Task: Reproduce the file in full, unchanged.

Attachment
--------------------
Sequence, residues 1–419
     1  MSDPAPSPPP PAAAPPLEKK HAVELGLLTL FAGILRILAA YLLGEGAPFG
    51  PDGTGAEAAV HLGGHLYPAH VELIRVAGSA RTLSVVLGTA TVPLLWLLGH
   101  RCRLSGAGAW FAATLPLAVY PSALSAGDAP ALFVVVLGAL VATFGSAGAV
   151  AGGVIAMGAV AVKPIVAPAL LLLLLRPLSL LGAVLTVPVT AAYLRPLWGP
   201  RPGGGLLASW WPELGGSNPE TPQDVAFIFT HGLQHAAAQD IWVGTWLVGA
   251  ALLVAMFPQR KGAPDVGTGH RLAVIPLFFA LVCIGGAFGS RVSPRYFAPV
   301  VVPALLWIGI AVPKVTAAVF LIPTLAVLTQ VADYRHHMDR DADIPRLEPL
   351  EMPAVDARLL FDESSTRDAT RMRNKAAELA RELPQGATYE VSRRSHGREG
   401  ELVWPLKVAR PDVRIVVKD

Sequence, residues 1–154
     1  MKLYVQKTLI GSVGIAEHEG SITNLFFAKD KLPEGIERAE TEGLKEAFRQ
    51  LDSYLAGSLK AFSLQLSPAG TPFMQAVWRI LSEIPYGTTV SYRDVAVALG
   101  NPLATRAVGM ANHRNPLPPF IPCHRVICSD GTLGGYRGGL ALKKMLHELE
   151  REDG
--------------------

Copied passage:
Sequence, residues 1–419
     1  MSDPAPSPPP PAAAPPLEKK HAVELGLLTL FAGILRILAA YLLGEGAPFG
    51  PDGTGAEAAV HLGGHLYPAH VELIRVAGSA RTLSVVLGTA TVPLLWLLGH
   101  RCRLSGAGAW FAATLPLAVY PSALSAGDAP ALFVVVLGAL VATFGSAGAV
   151  AGGVIAMGAV AVKPIVAPAL LLLLLRPLSL LGAVLTVPVT AAYLRPLWGP
   201  RPGGGLLASW WPELGGSNPE TPQDVAFIFT HGLQHAAAQD IWVGTWLVGA
   251  ALLVAMFPQR KGAPDVGTGH RLAVIPLFFA LVCIGGAFGS RVSPRYFAPV
   301  VVPALLWIGI AVPKVTAAVF LIPTLAVLTQ VADYRHHMDR DADIPRLEPL
   351  EMPAVDARLL FDESSTRDAT RMRNKAAELA RELPQGATYE VSRRSHGREG
   401  ELVWPLKVAR PDVRIVVKD

Sequence, residues 1–154
     1  MKLYVQKTLI GSVGIAEHEG SITNLFFAKD KLPEGIERAE TEGLKEAFRQ
    51  LDSYLAGSLK AFSLQLSPAG TPFMQAVWRI LSEIPYGTTV SYRDVAVALG
   101  NPLATRAVGM ANHRNPLPPF IPCHRVICSD GTLGGYRGGL ALKKMLHELE
   151  REDG